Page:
I'm a passionate dancer, and I share all my best advice, thoughts and personal experiences in dance and body-conditioning. My aim is to provide dancers around the world with easy-to-read, accessible information that encourages them in their practice.
I remember a few years ago, after posting a dance video in which the song expressed the joy of being in love, I received the reply from a friend: “Oh, you must be in love, you look so happy!”.
Little did he know how far from reality he was! I was going through one of the darkest periods of my life, and at the time, “love” seemed so distant and extinguished. Behind my smile was a very different reality… and his point of view struck me as a stark contrast.
And yet, I wasn’t pretending.
In fact, I was really feeling that emotion as I filmed the video. Through art, I could invoke love and contact this intimate joy: like a refuge, dance was at that moment a safe space where I could, out of time, find it again. Like a reassurance that it all still existed, was still within my reach.
In Indian dance, feelings of romance, despair, longing and desire, but also union and ecstasy, are constantly present, revealing all the nuances of Sringara, the feeling of love. It weaves the multi-layered backdrop to a dense artistic universe in which Krishna is the divine lover and the dancer identifies with Radha, the seeker. Although, she can be both lover and beloved, god and devotee, master and disciple, exploring every facet of her inner world and emotional universe. In this way, she can not only contact these feelings within herself, but also transmit them to the audience or, more precisely, allow them to contact their own in a mirror game.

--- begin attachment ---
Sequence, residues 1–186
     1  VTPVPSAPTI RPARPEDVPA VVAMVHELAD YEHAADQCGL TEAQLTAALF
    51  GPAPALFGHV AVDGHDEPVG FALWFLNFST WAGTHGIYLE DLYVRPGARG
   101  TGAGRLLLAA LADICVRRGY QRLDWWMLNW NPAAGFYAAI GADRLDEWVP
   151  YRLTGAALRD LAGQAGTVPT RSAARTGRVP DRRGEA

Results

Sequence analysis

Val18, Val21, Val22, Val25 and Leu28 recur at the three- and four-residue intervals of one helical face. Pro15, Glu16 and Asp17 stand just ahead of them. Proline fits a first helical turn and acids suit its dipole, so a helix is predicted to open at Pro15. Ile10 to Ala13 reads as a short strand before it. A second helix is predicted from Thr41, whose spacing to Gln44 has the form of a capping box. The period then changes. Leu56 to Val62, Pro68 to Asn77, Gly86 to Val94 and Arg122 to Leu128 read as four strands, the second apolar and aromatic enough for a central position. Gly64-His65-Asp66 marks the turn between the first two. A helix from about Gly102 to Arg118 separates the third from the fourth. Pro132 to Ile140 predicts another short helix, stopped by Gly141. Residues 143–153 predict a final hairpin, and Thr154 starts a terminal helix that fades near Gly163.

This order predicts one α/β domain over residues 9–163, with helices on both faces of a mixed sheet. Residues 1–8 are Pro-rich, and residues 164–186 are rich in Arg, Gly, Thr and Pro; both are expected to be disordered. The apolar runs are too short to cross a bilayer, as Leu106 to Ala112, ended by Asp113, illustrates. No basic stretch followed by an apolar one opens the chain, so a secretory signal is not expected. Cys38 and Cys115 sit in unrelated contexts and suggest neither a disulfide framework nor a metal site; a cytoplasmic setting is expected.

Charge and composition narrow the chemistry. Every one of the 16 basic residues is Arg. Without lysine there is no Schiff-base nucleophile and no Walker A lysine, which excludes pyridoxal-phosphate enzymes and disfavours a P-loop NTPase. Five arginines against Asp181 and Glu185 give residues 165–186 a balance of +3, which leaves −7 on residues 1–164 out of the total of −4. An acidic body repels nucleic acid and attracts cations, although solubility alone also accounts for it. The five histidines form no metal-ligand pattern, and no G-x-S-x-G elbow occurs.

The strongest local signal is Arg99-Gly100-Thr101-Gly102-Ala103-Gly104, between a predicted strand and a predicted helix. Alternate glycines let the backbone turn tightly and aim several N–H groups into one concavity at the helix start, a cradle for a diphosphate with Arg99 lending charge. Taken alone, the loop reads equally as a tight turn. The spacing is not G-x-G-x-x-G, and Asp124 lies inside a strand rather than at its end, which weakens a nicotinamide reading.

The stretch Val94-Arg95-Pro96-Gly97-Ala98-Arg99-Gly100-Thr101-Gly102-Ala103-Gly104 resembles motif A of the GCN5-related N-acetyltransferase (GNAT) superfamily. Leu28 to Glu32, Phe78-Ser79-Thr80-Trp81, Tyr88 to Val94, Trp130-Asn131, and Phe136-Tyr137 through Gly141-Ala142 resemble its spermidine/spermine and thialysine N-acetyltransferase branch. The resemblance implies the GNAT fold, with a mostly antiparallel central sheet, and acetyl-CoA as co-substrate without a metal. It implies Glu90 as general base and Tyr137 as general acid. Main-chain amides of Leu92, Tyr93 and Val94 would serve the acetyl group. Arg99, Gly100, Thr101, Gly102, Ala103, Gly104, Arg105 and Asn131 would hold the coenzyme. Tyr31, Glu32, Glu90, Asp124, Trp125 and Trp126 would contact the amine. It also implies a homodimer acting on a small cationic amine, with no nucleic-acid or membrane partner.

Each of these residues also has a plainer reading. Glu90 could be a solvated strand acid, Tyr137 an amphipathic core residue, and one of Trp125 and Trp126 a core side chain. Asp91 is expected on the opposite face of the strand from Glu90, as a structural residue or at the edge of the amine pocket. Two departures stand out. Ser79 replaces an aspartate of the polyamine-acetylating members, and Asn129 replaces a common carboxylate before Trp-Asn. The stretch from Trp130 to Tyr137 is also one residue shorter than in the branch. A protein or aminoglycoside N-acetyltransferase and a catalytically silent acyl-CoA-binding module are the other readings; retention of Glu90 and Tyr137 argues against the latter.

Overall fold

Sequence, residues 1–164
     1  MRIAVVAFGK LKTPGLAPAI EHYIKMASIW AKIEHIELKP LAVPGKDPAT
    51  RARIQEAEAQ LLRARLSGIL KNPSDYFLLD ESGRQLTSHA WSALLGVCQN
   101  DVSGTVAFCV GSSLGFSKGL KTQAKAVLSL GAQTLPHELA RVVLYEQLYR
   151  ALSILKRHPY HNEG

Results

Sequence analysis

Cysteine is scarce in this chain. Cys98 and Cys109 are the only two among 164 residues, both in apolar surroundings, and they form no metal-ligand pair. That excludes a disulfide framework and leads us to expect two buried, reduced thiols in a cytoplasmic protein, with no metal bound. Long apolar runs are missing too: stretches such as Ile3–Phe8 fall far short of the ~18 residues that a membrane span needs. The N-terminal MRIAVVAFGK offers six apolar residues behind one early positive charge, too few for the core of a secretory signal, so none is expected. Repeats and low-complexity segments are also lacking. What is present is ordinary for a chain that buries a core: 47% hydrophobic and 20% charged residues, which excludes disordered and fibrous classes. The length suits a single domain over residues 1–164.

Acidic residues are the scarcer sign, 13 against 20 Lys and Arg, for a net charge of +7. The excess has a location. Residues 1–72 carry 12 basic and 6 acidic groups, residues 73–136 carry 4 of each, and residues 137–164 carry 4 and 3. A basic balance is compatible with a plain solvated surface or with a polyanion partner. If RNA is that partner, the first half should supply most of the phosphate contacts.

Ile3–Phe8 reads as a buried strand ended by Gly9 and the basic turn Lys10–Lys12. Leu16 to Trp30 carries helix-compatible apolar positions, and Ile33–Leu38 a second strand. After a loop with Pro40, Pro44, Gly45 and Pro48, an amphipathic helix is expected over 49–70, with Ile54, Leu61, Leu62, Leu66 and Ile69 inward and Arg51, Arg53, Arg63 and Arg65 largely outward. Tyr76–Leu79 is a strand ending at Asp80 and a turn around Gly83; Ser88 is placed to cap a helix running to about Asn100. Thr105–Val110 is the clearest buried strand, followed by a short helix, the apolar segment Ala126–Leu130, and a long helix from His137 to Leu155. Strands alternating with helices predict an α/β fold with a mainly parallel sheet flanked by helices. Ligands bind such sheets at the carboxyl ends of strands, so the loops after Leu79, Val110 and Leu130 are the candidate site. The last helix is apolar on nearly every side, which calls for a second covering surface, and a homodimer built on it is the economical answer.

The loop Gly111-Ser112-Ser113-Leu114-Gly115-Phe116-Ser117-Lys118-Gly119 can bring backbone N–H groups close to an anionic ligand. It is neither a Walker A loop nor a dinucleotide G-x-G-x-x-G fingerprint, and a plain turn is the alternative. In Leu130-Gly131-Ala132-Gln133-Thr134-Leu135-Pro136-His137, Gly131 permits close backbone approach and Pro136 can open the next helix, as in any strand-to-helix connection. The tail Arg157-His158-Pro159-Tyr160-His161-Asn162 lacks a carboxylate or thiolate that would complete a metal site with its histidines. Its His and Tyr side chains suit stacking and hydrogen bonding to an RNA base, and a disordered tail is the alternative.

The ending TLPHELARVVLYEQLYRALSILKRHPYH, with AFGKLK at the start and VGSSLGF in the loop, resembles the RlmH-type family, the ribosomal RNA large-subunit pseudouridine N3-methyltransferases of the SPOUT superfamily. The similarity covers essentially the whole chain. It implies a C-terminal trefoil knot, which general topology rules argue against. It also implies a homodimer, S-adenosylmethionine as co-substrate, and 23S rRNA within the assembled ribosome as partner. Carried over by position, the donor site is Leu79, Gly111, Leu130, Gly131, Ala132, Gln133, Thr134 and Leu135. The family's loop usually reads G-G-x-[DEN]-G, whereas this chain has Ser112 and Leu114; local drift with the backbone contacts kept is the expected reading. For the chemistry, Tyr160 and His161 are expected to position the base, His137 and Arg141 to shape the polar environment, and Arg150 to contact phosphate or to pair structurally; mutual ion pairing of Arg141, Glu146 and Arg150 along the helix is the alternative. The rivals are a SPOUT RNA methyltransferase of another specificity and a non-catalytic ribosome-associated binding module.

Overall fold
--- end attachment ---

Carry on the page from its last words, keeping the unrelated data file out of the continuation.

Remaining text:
Ultimately, they lead them to Anand, a feeling of fulfilling joy, or to a kind of deeply satisfying and nourishing bliss.
For a young dancer, it’s no doubt easy to go in search of this divine lover in a flesh partner, to look outside for that feeling of deep union that dance makes possible. What a grand ideal! But isn’t this a never-ending quest?
Whatever the case, it seems to me that, over time, dancers come to understand that all these feelings actually exist within them, despite external circumstances, and that they can therefore be contacted at any time.
You may or may not have a lover, but dance allows you to find love within yourself: what an immense feeling of freedom and relief!
Is this not one of the great powers and mysteries of Indian classical dance?
Being a woman, I’ve written this article in the feminine, but these thoughts also apply to my male colleagues!
Illustration: Painting, Radha and Krishna in the grove, opaque watercolour on paper, Pahari, Kangra, ca. 1780, Victoria & Albert Museum, London.
July 13, 2023